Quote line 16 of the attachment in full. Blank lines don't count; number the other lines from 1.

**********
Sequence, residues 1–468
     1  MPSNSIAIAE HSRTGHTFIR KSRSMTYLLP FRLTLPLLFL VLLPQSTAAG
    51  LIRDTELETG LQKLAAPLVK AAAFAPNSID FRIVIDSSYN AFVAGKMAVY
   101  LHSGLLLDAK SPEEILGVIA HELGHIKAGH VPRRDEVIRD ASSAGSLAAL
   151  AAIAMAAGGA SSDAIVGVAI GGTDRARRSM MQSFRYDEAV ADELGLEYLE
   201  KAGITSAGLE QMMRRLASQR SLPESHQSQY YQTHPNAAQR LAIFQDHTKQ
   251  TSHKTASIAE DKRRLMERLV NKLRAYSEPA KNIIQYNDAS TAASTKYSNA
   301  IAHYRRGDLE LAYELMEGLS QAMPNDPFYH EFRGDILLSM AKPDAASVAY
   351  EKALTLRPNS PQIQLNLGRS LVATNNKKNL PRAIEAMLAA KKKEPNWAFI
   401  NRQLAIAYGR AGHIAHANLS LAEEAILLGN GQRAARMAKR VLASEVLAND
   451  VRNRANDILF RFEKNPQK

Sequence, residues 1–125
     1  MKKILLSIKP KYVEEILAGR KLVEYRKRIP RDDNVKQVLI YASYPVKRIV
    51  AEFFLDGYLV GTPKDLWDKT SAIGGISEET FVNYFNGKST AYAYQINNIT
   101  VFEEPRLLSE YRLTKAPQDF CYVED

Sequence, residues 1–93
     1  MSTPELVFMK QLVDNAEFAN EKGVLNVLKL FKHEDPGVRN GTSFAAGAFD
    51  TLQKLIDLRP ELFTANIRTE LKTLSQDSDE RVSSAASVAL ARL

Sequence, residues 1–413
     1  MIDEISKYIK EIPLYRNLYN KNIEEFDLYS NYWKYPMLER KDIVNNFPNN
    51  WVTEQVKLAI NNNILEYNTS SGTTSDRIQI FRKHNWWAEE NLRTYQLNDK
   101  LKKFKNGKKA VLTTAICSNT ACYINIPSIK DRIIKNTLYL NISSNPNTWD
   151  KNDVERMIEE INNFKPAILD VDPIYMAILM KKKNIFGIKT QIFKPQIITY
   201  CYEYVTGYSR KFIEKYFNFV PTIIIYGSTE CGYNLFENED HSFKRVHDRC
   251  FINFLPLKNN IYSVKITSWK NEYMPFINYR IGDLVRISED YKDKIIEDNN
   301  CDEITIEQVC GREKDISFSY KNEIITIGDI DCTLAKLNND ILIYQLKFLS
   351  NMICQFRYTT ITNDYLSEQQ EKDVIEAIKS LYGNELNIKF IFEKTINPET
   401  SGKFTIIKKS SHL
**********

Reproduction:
Sequence, residues 1–93